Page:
The independent newspaper of the University of Iowa community since 1868

The Daily Iowan

The independent newspaper of the University of Iowa community since 1868

The Daily Iowan

The independent newspaper of the University of Iowa community since 1868

The Daily Iowan

Experts warn of trauma

Lily Smith
Iowa City Community School District Health Services Coordinator Susie Poulton (third from left) speaks during the WorldCanvass: Resilience Over Trauma event in the Recital Hall of the Voxman Music Building on Monday, Feb. 20, 2017. Important advances are being made in the recognition and treatment of health issues related to adverse childhood experiences, many of them led by physicians and researchers at the University of Iowa. (The Daily Iowan/Lily Smith)

By Madeleine Neal

[email protected]

Although a child’s environment might be traumatic, resiliency is the key to a successful future, according to mental-health and social-work experts.
A series of panels discussed resilience over childhood trauma in the Voxman Music Building on Monday evening.

The three-part discussion was hosted by “WorldCanvass,” which is produced by UI International Programs and puts on events monthly.

The discussion began with the impact that trauma has on brain development and behavior.

Corinne Peek-Asa, a UI professor of occupational & environmental health, described childhood adversity as an event “so traumatic” to a child that it threatens her or his development.

Childhood trauma, she said, can refer to abuse, neglect, and family disruption.

“It’s not normal stress,” she said. “[It’s] something persistent.”

Peek-Asa noted there is a strong relationship between early deaths and adverse childhood experiences.

“[We need to] address housing and poverty issues,” she said. “[We need to] find children with [these] issues and build [their] resiliency.”

The National Center for Children in Poverty at Columbia University’s Mailman School of Public Health, reported approximately 37 percent of children in Iowa live in low-income families, in contrast to the national average of 44 percent.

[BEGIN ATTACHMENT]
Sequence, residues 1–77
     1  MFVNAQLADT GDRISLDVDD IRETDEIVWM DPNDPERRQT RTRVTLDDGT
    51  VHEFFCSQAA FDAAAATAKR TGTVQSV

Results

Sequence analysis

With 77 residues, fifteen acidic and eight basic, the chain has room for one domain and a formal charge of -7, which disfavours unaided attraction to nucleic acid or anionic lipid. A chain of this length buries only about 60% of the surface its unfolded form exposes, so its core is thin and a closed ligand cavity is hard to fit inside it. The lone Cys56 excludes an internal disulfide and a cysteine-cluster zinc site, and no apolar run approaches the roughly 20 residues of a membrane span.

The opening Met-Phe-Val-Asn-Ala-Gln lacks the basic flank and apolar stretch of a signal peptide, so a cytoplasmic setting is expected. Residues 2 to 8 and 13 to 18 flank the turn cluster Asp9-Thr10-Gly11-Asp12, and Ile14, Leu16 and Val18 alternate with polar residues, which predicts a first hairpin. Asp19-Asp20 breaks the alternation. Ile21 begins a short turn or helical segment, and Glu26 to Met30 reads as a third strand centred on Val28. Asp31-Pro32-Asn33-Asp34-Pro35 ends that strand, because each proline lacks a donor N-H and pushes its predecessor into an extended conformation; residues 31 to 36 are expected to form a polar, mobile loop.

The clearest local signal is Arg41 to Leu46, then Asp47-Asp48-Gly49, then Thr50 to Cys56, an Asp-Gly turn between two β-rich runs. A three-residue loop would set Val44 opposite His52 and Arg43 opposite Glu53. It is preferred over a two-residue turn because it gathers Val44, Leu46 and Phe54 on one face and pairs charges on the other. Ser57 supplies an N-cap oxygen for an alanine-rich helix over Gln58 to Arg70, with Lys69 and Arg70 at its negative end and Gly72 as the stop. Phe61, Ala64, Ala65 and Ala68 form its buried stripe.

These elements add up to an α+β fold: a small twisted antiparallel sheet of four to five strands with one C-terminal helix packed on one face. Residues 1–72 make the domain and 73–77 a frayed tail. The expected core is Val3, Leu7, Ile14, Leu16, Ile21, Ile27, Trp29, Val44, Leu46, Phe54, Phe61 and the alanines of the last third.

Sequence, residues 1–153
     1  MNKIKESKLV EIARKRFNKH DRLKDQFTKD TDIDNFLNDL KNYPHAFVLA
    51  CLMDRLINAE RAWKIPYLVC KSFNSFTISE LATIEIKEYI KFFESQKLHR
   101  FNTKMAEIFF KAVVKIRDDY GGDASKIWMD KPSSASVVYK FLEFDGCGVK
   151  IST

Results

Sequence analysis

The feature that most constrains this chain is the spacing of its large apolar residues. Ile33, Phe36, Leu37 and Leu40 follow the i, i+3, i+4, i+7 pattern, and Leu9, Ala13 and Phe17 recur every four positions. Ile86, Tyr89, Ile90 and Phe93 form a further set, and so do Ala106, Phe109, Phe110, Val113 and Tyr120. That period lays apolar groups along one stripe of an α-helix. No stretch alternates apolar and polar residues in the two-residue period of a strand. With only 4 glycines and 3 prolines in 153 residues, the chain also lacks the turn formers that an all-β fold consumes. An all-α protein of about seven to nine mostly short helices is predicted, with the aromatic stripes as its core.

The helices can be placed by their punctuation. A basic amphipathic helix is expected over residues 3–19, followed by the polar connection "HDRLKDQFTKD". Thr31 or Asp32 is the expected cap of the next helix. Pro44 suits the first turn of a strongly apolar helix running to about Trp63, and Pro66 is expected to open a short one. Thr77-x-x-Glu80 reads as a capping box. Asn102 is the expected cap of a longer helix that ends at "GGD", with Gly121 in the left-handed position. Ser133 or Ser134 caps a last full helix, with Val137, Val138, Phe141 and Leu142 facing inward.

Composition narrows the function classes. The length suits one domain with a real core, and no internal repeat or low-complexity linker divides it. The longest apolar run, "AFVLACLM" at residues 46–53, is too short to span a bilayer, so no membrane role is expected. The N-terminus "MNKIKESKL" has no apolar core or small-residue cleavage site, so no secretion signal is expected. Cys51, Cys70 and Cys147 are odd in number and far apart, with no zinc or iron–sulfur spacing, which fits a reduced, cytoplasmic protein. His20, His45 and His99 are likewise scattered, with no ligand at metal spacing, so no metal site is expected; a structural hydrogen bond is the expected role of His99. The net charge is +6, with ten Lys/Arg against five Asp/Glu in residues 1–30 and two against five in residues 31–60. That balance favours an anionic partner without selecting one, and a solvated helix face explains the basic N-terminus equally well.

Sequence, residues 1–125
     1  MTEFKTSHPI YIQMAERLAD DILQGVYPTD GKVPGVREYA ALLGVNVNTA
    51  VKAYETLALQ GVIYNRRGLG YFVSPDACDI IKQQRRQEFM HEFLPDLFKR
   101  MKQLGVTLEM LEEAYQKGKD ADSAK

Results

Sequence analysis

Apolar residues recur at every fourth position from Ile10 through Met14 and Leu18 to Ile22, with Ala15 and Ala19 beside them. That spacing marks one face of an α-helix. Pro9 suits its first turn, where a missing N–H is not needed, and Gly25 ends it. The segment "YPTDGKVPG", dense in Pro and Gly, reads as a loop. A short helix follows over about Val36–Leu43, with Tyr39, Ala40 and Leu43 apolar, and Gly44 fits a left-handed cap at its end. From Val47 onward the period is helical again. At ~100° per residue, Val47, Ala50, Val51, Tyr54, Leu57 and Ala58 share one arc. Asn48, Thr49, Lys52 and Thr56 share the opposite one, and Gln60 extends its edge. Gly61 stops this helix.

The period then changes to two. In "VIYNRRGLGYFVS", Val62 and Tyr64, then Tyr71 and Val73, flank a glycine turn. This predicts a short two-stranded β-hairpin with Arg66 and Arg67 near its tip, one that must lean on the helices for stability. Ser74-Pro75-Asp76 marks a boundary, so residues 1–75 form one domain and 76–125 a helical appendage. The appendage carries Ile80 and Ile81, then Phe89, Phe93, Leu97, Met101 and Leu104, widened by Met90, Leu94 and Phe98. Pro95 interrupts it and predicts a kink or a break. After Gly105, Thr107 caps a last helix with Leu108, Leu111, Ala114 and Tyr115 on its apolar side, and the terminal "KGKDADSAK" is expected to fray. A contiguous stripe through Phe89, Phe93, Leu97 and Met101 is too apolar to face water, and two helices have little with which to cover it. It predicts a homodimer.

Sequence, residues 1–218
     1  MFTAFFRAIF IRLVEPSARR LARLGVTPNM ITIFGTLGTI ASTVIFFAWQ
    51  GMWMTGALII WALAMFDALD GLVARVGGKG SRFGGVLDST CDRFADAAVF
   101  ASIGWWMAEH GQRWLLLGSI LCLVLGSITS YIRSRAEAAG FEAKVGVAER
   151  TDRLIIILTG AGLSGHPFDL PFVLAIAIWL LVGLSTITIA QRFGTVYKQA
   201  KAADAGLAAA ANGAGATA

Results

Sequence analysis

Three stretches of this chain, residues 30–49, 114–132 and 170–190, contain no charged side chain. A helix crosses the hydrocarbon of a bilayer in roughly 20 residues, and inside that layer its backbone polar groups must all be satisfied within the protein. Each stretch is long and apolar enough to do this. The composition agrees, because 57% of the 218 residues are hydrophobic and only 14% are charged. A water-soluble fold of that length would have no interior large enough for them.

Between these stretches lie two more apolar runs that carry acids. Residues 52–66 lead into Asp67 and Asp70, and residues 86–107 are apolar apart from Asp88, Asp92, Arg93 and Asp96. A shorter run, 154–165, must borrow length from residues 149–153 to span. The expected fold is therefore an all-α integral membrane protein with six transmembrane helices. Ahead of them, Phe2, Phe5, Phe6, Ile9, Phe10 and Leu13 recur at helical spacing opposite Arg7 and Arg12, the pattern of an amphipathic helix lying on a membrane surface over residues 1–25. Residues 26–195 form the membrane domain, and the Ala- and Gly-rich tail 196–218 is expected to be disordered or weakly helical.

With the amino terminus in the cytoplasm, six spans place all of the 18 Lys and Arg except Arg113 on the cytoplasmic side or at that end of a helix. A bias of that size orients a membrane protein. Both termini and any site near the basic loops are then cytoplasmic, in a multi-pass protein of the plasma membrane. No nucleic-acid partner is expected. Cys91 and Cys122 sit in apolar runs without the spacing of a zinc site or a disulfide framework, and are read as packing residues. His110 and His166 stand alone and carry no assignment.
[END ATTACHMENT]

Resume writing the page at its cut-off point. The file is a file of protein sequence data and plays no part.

“Trauma cuts across class and race, low-income children, youth and their families and children,” the center said on its website.

Michael Flaum, a UI clinical professor of psychiatry, said trauma can cause relatively minor stresses to be seen as distress.

“We need that environmental input to hone [in on] what is already there from genetics,” he said.

Yvonne Farley, a UI clinical assistant professor of social work, said many of these “stresses” are specific to children.

She said that can result in children not developing the proper “clusters” of resiliency skills.

To develop the skills, children need an alternative experience of “what health looks like.”

But despite growing environmental stresses, Farley said, developing the skills is more manageable now than it once was.

The discussion also addressed the effect trauma can have on physical and mental health, child welfare, education, and communities.

Helena Laroche, a UI assistant professor of internal medicine, said chronic adverse childhood experiences are related to illnesses seen in adulthood.

Adults who experience childhood trauma, she said, are about 1.6 times more likely to be obese and may shorten their lifespans by almost 20 years.

“On mental-health side [of childhood trauma], [there can be] learning and behavior problems,” she said. “It is really profound the impact this can have on peoples’ lives over time.”

Laroche said doctors should address a patient’s social history.

“When your whole system is [deregulated] like that, all sorts of things can go wrong,” she said. “They [social histories] affect how you got to the health you’re in now.”

Additionally, Susie Poulton, a health-services coordinator for the Iowa City School District, said the effects of trauma can affect a child’s learning and affect a child’s relationships.

“[Some children] come to school and [are] dealing with the effects of their trauma,” she said.

Because of this, Poulton said, schools need to work toward finding the “root of the problem” and teach children good coping skills.

Sensitive care practices and trauma information are available on the UI campus, at the UI Hospitals & Clinics, and in Johnson County.

Resmiye Oral, a UI clinical professor of pediatrics, said community factors are very influential in overcoming childhood trauma.

“We started recognizing that childhood trauma and ongoing trauma through life played a significant role in all types of functional areas of our lives,” she said. “[We want to] focus on resiliency rather than trauma.”

Armeda Wojciak, a UI assistant professor of marital & family therapy, said she is encouraged by the statewide interest in resiliency over childhood trauma.

“Across the state, there is much interest in this,” she said. “[We’re looking at] how we can best serve the needs of the schools and the children in our area.”

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